08Jan 08 January, 2017. The Baptism of the Lord

1st Reading: Isaiah 42:1-4, 6-7

A courageous servant of God will help others to keep the Covenant

Thus says the Lord:
“Here is my servant, whom I uphold,
my chosen, in whom my soul delights;
I have put my spirit upon him;
he will bring forth justice to the nations.
He will not cry or lift up his voice,
or make it heard in the street;
a bruised reed he will not break,
and a dimly burning wick he will not quench;
he will faithfully bring forth justice.

He will not grow faint or be crushed
until he has established justice in the earth;
and the coast-lands wait for his teaching.
I am the Lord, I have called you in righteousness,
I have taken you by the hand and kept you;
I have given you as a covenant to the people,
a light to the nations,
to open the eyes that are blind,
to bring out the prisoners from the dungeon,
from the prison those who sit in darkness.”

2nd Reading: Acts of the Apostles 10:34-38

After his baptism of Jesus went about doing good. Baptism sends us out to do good

Then Peter began to speak to them: “I truly understand that God shows no partiality, but in every nation anyone who fears him and does what is right is acceptable to him. You know the message he sent to the people of Israel, preaching peace by Jesus Christ: he is Lord of all. That message spread throughout Judea, beginning in Galilee after the baptism that John announced: how God anointed Jesus of Nazareth with the Holy Spirit and with power; how he went about doing good and healing all who were oppressed by the devil, for God was with him.”

Gospel: Matthew 3:13-17

After being baptised, Jesus was filled with the Spirit, to do the work of God, his Father

Jesus came from Galilee to John at the Jordan, to be baptized by him. John would have prevented him, saying, “I need to be baptized by you, and do you come to me?” But Jesus answered him, “Let it be so now; for it is proper for us in this way to fulfill all righteousness.” Then he consented.

And when Jesus had been baptized, just as he came up from the water, suddenly the heavens were opened to him and he saw the Spirit of God descending like a dove and alighting on him. And a voice from heaven said, “This is my Son, the Beloved, with whom am well pleased.”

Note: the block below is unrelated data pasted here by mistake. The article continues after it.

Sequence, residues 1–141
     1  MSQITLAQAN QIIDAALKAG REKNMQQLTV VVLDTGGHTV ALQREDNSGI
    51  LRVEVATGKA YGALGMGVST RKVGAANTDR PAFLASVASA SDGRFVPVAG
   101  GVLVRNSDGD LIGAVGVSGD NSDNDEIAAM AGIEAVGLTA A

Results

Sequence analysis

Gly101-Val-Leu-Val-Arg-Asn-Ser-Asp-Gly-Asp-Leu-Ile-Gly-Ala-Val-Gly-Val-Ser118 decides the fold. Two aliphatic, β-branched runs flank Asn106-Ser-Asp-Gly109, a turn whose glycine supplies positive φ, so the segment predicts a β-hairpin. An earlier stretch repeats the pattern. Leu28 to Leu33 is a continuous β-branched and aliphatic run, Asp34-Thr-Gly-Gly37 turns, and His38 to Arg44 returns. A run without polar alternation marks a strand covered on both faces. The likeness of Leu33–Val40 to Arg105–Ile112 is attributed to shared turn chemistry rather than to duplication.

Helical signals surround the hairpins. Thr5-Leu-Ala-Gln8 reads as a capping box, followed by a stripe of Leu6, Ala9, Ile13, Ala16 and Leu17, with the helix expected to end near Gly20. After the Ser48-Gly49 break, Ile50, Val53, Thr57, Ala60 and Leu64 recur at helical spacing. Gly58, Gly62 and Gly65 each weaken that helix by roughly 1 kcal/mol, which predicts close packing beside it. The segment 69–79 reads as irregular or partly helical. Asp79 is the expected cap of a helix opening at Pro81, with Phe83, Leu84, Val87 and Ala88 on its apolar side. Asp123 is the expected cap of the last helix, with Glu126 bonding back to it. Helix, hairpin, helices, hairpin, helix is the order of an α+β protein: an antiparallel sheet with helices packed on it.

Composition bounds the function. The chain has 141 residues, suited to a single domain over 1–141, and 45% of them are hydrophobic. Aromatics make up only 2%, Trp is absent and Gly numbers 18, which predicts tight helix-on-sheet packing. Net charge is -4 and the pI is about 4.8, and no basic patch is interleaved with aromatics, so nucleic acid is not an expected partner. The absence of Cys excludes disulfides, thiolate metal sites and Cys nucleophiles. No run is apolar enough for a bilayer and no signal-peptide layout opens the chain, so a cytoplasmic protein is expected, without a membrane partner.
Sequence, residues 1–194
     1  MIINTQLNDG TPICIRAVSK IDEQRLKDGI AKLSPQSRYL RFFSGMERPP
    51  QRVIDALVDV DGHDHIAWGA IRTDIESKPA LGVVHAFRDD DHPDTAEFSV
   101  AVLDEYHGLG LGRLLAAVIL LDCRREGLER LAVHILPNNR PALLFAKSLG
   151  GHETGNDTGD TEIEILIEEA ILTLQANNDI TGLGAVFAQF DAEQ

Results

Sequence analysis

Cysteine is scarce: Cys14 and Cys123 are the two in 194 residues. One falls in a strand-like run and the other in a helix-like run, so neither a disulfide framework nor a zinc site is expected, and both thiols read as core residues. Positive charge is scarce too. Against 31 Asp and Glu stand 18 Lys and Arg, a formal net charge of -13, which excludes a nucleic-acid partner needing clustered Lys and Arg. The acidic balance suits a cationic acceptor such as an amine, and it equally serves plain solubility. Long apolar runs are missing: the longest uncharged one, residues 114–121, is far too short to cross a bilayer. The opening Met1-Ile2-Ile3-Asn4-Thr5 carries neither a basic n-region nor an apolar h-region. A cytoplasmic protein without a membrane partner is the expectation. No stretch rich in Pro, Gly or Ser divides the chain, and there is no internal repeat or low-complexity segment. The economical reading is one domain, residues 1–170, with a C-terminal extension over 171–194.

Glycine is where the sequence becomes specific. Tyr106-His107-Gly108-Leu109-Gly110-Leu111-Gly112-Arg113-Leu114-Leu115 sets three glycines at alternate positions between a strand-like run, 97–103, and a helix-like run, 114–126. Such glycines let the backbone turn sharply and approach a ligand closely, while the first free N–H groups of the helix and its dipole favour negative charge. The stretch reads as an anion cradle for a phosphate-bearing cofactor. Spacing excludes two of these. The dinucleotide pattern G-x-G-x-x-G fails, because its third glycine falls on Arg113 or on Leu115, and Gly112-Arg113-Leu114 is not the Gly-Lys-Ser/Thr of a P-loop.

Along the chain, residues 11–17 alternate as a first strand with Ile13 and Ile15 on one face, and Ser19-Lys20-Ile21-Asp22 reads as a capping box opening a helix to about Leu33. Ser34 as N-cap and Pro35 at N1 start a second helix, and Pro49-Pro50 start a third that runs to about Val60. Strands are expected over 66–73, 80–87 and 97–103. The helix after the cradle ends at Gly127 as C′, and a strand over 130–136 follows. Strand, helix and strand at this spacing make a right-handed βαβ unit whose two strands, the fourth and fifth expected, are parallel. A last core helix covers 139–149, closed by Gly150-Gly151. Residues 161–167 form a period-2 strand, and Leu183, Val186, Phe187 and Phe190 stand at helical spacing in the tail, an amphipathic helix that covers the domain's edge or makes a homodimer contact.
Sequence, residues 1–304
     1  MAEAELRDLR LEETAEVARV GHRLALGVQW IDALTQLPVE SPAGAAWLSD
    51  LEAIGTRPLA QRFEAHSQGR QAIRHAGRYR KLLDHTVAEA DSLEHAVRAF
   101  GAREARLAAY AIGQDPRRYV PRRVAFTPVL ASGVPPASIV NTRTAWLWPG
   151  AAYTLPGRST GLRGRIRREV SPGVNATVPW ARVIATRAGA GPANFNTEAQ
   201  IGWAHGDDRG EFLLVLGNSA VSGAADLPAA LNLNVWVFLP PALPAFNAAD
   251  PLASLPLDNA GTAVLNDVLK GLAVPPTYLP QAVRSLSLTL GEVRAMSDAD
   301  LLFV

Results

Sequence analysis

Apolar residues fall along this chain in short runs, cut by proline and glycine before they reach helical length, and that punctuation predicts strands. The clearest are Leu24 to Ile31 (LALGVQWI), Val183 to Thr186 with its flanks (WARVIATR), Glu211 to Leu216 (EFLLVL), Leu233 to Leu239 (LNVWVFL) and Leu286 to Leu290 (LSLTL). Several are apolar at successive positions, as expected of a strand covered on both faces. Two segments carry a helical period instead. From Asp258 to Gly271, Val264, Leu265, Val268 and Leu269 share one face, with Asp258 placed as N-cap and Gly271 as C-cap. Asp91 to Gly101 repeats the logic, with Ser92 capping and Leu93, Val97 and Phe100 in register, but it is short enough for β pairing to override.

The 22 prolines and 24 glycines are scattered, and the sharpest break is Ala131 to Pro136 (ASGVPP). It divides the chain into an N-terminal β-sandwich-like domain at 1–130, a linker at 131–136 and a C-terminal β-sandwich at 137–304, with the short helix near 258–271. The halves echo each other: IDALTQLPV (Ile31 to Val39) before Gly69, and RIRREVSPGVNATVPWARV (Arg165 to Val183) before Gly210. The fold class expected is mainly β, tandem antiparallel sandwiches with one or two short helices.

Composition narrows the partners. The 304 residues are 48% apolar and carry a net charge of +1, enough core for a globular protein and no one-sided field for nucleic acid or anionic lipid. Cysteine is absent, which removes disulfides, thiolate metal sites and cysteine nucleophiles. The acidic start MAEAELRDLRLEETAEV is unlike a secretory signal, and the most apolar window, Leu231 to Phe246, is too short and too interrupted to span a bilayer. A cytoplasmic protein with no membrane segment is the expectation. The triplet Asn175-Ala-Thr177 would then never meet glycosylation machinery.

[Have you a homily to share?]


Begin a new stage

José Antonio Pagola

Before relating Jesus’ prophetic activity, the Gospel writers talk about an experience that will radically transform his life. After being baptized by John, Jesus feels himself a beloved Child of God, inhabited fully by God’s Spirit. He sets out announcing to everyone, through his life and his message, the Good News of a God who is friend and saviour of the human person. So it’s not surprising that the Pope, invites us to live these coming years in «a new stage of evangelization», and reminds us that our Church needs more than ever «evangelizers with Spirit». He well knows that only the Spirit of Jesus can instill in us the energy that puts in motion the radical conversion that we need. But by what paths?

This renewal of the Church can only be born of the newness of the Gospel. The Pope wants people of today to listen to the same message that Jesus proclaimed as he went about Galilee, nothing else. We need to «return to the source and recover the original freshness of the Gospel». Only in this way «will we break the worn-out plans of those who try to box in Jesus Christ». Pope Francis speaks of a radical renovation «that can’t leave things as they are; merely basic maintenance doesn’t work anymore». That’s why he asks us «to abandon the comfortable pastoral criteria we have been using forever» and Invite everyone « to be bold and creative in the task of rethinking objectives, structures, the style and the methods of evangelists in our communities».